<em>The Waterman</em>

The Waterman

SBIFF ‘09: Surf Movies and More

Extreme Sports Films Get To the Maxxx Treatment, Thanks to Russ Spencer

Always a honey hole of a few good surfing movies, 2009’s To the Maxxx lineup-SBIFF’s annual ode to all things extreme-is, in the words of programmer Russ Spencer, “The year of the surf film.” All told, nine of the 12 films in the category are dedicated to this Sport of Kings.

The Ojai-born, Lompoc-lurking Malloy brothers are all over this year’s lineup with oldest brother Chris’s latest film project, One Track Mind, an action-packed, interview-heavy look at the inner workings of today’s brightest surf stars. Showing Sunday, January 25, at the Arlington, it’s twin-billed with Laird Hamilton’s recently released The Waterman, a slickly produced exploration of the many, and mostly death-defying, ways in which we can ride waves, directed by Jeff Hornbaker.

Other surf films include the biopic documentary Archy, an unflinching look at one of surfing’s most talented bad boys, Matt Archbold. Also, Santa Barbara’s Peck Euwer debuts his latest release, The Women and the Waves, which takes a unique look at the lives of several lady wave hunters, some of them local, as they seek to balance much-needed ocean time with the requirements of their respective land lives. Rounding out the surf-specific films is a documentary about surfing in Cuba called Havana Surf and pro surfer Benji Weatherley’s version of an extended reality TV show, Life as a Movie, where he travels the world with the likes of Kelly Slater, Jack Johnson, Shane Dorian, Tony Hawk, and Todd Richards, with the sole purpose of having surfers snowboard, skateboarders surf, and everyone laugh.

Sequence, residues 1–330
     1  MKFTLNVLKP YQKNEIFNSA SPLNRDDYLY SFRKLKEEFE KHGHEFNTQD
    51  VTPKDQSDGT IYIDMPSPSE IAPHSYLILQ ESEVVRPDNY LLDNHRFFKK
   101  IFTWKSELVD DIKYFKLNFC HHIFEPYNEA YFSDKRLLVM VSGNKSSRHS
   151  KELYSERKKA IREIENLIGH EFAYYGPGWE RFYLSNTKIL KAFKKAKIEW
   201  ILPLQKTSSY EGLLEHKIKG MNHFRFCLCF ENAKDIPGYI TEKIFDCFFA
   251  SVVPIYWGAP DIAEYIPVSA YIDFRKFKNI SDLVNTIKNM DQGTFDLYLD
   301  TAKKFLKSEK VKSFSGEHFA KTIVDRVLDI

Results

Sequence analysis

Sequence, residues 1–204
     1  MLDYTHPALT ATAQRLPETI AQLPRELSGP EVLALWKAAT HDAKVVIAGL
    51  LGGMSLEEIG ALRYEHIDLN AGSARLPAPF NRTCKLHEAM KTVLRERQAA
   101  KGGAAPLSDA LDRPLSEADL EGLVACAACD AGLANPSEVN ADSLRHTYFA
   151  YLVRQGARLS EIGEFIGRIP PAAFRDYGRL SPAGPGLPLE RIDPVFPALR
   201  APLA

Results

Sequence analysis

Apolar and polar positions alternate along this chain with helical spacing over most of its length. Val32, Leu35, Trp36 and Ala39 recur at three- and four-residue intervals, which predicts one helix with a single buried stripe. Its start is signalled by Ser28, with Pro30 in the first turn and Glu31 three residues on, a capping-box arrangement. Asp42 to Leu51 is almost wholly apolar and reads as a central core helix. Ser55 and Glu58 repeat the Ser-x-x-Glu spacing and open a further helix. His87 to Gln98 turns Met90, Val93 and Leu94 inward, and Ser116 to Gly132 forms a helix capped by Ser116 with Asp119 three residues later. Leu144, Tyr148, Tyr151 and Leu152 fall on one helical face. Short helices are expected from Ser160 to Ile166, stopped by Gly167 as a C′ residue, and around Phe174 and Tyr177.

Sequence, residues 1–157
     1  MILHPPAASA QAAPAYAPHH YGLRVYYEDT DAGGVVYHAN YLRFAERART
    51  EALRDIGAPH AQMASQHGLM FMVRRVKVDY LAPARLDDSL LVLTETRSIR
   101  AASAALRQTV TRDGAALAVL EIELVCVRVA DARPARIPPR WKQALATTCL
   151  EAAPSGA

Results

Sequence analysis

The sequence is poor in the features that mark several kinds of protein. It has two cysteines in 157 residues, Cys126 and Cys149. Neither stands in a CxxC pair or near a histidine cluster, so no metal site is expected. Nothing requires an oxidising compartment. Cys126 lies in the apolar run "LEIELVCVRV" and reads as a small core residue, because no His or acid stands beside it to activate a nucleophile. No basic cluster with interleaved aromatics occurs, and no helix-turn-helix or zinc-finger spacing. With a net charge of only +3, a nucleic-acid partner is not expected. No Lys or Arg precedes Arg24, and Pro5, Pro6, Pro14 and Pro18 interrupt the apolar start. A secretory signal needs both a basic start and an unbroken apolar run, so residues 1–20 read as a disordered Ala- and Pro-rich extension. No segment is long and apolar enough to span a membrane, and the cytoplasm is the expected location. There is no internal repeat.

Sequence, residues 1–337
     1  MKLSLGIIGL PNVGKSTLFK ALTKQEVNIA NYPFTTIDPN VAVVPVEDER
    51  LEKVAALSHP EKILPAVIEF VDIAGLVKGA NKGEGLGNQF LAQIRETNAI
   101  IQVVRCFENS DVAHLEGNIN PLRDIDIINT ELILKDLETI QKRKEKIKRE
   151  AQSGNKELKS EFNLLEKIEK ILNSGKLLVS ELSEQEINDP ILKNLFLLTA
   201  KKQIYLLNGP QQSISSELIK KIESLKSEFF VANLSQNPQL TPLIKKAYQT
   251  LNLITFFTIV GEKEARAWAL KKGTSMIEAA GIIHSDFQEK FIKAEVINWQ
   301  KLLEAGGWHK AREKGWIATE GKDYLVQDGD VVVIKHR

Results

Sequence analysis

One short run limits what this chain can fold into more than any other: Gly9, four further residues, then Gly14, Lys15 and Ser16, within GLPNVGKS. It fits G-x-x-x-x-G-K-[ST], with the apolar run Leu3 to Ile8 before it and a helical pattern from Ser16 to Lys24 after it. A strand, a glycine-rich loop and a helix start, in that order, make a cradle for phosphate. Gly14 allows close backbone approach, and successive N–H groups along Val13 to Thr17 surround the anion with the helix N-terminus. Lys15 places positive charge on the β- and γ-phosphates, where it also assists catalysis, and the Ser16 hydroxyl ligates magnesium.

Last but not least of the surf movies is the North America premiere of Irishman Joel Conroy’s Waveriders. A genre-bending cinematic poem to the incredibly diverse culture that is Irish surfing, this movie is, without a doubt, the best film in the To the Maxx category. Somewhat akin to last year’s smash hit Bustin’ Down the Door, Waveriders balances the insight of a world-class documentary with action-packed surf footage, both contemporary and historic, from the land of Guinness. Further, when it premieres at the Arlington on January 28, not only will the filmmaker be in attendance but he will be joined by such stars of the movie as the Malloys, Kelly Slater, and Lauren Davies. Not only will this movie inspire and educate, it will probably get you considering a surf trip to the chilly north Atlantic.

Decidedly less salt water-soaked films in the category include Lance Trumbull’s moving and visually captivating documentary Everest: A Climb for Peace; a high-speed, white-knuckled race car movie called Truth in 24; and, of course, Santa Barbara resident Erik Hatch and his annual Skateboard Stories installation.

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